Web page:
Entertainment Movies Richard Jewell gives Clint Eastwood his worst movie opening in four decades amid backlash

Richard Jewell gives Clint Eastwood his worst movie opening in four decades amid backlash

Paul Walter Hauser Sam Rockwell Clint Eastwood
Paul Walter Hauser, Sam Rockwell and Clint Eastwood on the Richard Jewell set. Photo: Warner Bros
Twitter Facebook Reddit Pinterest Email

Amid backlash over its ‘sex for a story’ depiction of a female reporter, Clint Eastwood’s Richard Jewell has tanked in its US debut and is the veteran star and director’s worst opening since 1980’s Billy Bronco.

The Warner Bros film about a security guard wrongly suspected of playing a part in the 1996 Atlanta Olympics bombing scored decent reviews and an audience approval score of 96 per cent on Rotten Tomatoes.

But on its debut weekend, it took a dismal $7.2 million from 2502 theatres.

It was about half what analysts had predicted, and means Richard Jewell performed worse than Eastwood’s other inaugural flops, 1997’s Midnight in the Garden of Good and Evil and 1999’s True Crime.

Eastwood, 89, won Oscars as a director and producer on Best Picture winners Million Dollar Baby and Unforgiven. In 2014, his American Sniper was the top-grossing film in the US, and took more than $725 million worldwide.

Richard Jewell “started out with so much promise in terms of awards season buzz,” Paul Dergarabedian, a senior media analyst at Comscore, told Variety.

“You’ve got a really high-profile filmmaker with a movie that had a lot of acclaim.”

It’s been estimated the film could eventually recoup around $43 million of the $65 million it cost to make.

While Kathy Bates scored Golden Globe and SAG Awards nominations for her role as the titular character’s mother, other stars of the underperforming film including Paul Walter Hauser, Sam Rockwell and Jon Hamm have so far been overlooked in awards races.

Just as startling as Eastwood’s film’s poor showing is that star Olivia Wilde broke ranks after Richard Jewell sparked condemnation for suggesting the late reporter she plays swapped sex for information.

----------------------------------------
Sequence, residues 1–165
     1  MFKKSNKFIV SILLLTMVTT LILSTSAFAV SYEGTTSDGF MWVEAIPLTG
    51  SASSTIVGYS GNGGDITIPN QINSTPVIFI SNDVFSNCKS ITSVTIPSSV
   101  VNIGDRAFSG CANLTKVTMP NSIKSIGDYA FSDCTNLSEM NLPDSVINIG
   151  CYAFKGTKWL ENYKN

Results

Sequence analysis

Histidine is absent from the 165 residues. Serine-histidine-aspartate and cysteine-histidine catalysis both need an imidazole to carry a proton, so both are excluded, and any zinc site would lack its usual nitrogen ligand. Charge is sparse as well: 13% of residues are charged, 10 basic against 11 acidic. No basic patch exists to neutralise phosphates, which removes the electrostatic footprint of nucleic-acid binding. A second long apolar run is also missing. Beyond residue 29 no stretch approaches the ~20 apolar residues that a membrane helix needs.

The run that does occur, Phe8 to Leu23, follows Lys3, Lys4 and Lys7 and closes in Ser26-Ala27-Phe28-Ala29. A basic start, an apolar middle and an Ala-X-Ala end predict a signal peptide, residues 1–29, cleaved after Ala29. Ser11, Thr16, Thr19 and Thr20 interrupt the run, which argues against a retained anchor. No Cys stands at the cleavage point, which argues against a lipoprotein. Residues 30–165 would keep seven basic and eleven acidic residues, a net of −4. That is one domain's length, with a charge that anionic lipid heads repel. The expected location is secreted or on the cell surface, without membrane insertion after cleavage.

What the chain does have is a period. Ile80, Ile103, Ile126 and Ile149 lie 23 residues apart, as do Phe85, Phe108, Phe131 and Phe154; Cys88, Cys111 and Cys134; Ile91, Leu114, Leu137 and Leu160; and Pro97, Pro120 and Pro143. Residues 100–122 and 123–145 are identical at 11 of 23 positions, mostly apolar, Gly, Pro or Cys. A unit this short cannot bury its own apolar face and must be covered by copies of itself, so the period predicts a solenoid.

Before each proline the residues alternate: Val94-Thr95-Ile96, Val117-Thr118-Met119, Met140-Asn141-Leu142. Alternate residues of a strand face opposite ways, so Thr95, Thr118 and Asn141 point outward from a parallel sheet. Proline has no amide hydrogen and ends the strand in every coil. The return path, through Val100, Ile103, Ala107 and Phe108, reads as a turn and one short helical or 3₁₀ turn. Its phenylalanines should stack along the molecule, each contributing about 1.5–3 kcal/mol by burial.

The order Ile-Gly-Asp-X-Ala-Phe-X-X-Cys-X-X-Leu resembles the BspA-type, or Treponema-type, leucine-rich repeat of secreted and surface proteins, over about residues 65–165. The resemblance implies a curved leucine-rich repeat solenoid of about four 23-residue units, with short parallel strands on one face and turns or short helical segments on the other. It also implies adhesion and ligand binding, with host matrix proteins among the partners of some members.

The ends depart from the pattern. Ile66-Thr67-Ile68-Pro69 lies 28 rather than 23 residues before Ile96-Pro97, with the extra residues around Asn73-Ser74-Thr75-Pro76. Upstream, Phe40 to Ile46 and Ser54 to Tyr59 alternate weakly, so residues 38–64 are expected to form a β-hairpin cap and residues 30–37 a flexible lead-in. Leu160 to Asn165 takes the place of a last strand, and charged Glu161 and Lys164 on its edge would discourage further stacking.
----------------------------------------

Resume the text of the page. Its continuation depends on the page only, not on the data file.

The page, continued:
Wilde plays Kathy Scruggs, who worked for the Atlanta Journal-Constitution at the time when the Games’ bombing sparked a media frenzy. She died in 2001 at age 42.

Olivia Wilde
Olivia Wilde won breakthrough director for Booksmart at November’s Hollywood Film Awards. Photo: Instagram

“The film Richard Jewell promotes the trope that women sleep their way to the top. It’s sexist, insulting – and nonsensical,” said the UK Guardian.

In a Twitter thread, Wilde said she did not believe Scruggs “traded sex for tips”, and did not mean to suggest that was the case.

But she “did not have a say in how the film was ultimately crafted”, she said.

According to The Hollywood Reporter, the Los Angeles Times and the Associated Press, the film strongly implies Scruggs landed the scoop about Jewell’s status as a suspect in the Olympic Park bombing in exchange for sleeping with an FBI agent (Hamm).

Scruggs’ old newspaper has threatened to sue Eastwood and Warner Bros, saying the paper and its staff were “portrayed in a false and defamatory manner”.

On Twitter, Wilde said a director could “control the voice and message of the film”, but for an actor “it’s more complicated”.

She said while her opinions about Scruggs, “based on my own independent research” may be different to “others” involved with the film, “it was important to me to my my [sic] own position clear”.

Scruggs was “by all accounts, bold, smart, and fearlessly undeterred by the challenge of being a female reporter in the south in the 1990s”, Wilde tweeted.

View Comments